3. The "secondary market" option--This means that there may be people that actually want to buy and sell these warrants/IOUs. So, in other words, somebody might buy your warrant for a discount, and then sell it for a markup later on. Or, if you want to try out a different kind of "secondary market" a try, you might want to consider using an illegal poker game as a market, especially if you have lots of rich friends who have lots of money to "burn," just as many of us feel "burned" since we have to put up with this nonsense. Let's say that you enter a high-stakes poker game, and you decide to go for it, by putting up an IOU for your bet. If somebody is stupid enough to take your bet, and you lose the bet, voila! Just hand them the piece of paper, and tell them that it is a warrant, from the state of California. Remember, per our economics lesson above, all items that look like checks from the state of California actually are called warrants. However, as we know, in regards to IOUS, in this case, just because it "walks like a duck," and, in this case, it definitely smells like a duck, it may not be a duck at all, because warrants that are IOUs are not treated by banks like checks unless, you are lucky enough to have a bank that does treat the warrants which are IOUS as checks, even though they are not really checks.. Are you confused yet? I know that I am, as well as probably most people in the Great State of California. Anyway, this betting strategy is worth a try, but, just in case the people you are playing are the impatient, unfriendly, possibly violent kind, make sure that you bring your best running shoes with you to the poker game, so that you can make a timely escape if that is what the situation requires.

4. If you are one of the unfortunate ones who are stuck with many warrants/IOUS, you might consider using the warrants to construct a model of a house, since you may be among these who have found that they cannot afford the house that they are living in, meaning that such a paper IOU/warrant house is the fanciest house you will ever be able to afford. Be careful when you build your IOU/warrant house that you do not unduly damage the IOU/warrants too much, so you don't have excess damage to your house of cards/IOUS/warrants/checks when it tumbles to the ground, just as the economy of our state has being doing lately.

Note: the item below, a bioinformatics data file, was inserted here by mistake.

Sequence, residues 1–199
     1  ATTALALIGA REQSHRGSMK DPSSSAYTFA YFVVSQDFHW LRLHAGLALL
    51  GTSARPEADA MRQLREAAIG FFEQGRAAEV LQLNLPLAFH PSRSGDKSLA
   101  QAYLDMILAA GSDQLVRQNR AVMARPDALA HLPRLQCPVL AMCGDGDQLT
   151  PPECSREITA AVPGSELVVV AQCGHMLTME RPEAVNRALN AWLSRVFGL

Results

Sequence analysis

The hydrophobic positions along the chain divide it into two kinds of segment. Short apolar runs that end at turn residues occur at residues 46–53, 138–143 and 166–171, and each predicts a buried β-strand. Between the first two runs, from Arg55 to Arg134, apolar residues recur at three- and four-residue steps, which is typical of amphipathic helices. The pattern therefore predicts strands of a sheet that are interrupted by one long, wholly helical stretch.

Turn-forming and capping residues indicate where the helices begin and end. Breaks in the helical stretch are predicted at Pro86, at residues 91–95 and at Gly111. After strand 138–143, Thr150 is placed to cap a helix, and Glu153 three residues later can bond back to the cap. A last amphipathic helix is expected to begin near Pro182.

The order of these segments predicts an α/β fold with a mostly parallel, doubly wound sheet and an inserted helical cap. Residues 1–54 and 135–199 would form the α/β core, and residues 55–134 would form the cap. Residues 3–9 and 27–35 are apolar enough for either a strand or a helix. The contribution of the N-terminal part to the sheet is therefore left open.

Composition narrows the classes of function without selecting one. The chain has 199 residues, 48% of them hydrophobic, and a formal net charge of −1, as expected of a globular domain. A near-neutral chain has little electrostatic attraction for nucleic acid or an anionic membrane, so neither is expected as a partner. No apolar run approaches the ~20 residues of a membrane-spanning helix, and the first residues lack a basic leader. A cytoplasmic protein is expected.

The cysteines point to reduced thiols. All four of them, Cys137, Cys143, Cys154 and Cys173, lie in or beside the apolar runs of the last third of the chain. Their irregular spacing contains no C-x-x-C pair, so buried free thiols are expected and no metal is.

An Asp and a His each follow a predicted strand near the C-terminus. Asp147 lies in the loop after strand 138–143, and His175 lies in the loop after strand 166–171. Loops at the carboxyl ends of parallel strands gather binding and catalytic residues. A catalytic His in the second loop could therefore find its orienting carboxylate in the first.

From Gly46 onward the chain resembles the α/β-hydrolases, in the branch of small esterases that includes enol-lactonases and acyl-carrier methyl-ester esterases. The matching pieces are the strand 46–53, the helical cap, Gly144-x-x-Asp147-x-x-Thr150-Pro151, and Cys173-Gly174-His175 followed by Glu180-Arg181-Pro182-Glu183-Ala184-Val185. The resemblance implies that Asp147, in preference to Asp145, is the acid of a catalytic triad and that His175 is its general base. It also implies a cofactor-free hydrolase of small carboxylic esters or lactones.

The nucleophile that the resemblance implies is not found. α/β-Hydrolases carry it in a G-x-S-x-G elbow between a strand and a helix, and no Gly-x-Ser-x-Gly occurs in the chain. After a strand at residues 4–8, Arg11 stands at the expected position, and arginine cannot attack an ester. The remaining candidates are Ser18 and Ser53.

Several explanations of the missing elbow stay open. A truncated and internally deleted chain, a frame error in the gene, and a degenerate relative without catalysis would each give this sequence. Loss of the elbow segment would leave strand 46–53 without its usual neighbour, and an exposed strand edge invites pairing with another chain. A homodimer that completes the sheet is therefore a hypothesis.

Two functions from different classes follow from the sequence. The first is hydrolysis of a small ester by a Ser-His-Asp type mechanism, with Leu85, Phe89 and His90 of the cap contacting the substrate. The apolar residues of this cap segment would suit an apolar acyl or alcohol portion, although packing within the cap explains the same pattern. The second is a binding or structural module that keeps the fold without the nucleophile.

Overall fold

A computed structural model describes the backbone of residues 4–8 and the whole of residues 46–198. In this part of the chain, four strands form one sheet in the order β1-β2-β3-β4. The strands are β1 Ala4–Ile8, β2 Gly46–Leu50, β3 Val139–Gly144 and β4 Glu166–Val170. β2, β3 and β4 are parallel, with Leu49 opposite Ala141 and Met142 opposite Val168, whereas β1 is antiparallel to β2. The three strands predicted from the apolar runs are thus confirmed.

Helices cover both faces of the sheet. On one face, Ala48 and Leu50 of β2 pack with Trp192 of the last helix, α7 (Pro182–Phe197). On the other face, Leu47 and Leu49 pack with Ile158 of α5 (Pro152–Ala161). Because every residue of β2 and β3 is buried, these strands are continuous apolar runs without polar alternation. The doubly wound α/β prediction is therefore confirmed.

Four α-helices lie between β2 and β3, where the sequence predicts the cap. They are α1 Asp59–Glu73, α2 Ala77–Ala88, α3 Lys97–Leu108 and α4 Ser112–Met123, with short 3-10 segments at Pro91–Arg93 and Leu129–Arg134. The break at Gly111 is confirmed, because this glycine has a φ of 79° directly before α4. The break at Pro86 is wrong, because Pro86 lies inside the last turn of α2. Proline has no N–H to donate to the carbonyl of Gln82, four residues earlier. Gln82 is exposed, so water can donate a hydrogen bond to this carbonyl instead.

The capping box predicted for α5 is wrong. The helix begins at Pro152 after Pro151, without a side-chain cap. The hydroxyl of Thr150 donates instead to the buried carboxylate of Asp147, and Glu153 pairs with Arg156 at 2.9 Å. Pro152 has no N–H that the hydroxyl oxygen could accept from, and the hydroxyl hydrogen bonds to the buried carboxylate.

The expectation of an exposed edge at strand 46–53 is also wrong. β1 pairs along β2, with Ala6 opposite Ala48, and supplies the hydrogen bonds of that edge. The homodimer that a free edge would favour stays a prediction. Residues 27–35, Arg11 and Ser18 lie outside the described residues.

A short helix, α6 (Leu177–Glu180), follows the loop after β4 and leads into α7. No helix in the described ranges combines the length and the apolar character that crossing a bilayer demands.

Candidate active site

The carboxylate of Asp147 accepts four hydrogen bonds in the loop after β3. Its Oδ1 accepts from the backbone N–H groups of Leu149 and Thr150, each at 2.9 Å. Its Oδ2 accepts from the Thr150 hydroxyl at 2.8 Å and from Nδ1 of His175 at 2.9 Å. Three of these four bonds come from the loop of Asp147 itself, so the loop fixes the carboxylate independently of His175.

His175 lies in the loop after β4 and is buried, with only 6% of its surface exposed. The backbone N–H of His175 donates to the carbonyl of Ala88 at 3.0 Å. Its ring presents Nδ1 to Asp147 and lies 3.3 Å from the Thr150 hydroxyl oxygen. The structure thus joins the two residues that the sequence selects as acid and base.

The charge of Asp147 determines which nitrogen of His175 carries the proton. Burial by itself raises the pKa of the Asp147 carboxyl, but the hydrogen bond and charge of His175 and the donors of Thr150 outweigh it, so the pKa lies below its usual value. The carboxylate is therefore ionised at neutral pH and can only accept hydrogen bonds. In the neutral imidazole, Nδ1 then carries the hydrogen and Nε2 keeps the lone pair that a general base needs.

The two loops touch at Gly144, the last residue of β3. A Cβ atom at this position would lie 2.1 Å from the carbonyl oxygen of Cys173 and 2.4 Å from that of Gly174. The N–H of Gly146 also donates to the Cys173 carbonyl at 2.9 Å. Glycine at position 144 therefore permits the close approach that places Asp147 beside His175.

5. Another possibility is neatly stacking your warrants/IOUS in a vertical manner, such that the warrant/IOUS can be used as the modern equivalent of a domino rally, where the warrants can be neatly aligned all over your living room, so that as soon as you knock over one warrant/IOU, all rest of the fall over in a properly synchronized fashion. If you are really clever, you can set up your warrant/IOUS all over your residence, so that, once you have perfected your techniques, you can have the pleasure of watching the warrant/IOUS/checks (maybe) beautifully undulating everywhere you look.

6. Having IOU/warrants can be of great assistance in maintaining a clean and healthy lifestyle. You can use the IOUs to clean your shaver, and, if you cannot afford a vacuum cleaner, and perhaps, even a broom, you can use the warrants to scoop up any refuse and carefully empty it into any nearby trash bags. Remember, however, to keep the IOU/warrant in a clean and sanitary condition, in the event that you intend to have an alternative use of the IOU/warrant in the future.

7. Finally, an IOU/warrant is a fine idea for a gift. Imagine what pleasure you can give to your aunt in Wisconsin, if, in the event that you cannot afford a gift for her this year, since you have no money, you can just take the warrant, put it an envelope, and send it to her. Or, when Christmas or Hanukah rolls around, in December, since the economic situation in California may still be unresolved at this time, an IOU/warrant is truly a gift that keeps on giving.

Happy IOU Stressbusting!


  1. Great ideas! I am in possession of one of these IOUs... having paid over $800 in state taxes for my non-profit organization, Annie'sBlankets, and then receiving our state exemption letter one week later. Of course, the state "lost" the check for a while (6 months) and, after repeated phone calls, I finally received reimbursement... in the form of an $800 IOU. Yikes. Guess the homeless cats and dogs that we help with Annie'sBlankets will have to wait, along with everyone else.

  2. Hi Edie,

    Thanks. Even though the budget crisis is "over," those of us who are stuck with the IOUs still have to wait until October to get paid. If you have to pay the state of California for anything between now and October, feel free to send them their IOU as payment, since the state of California is required to accept them as payment (like the rest of us)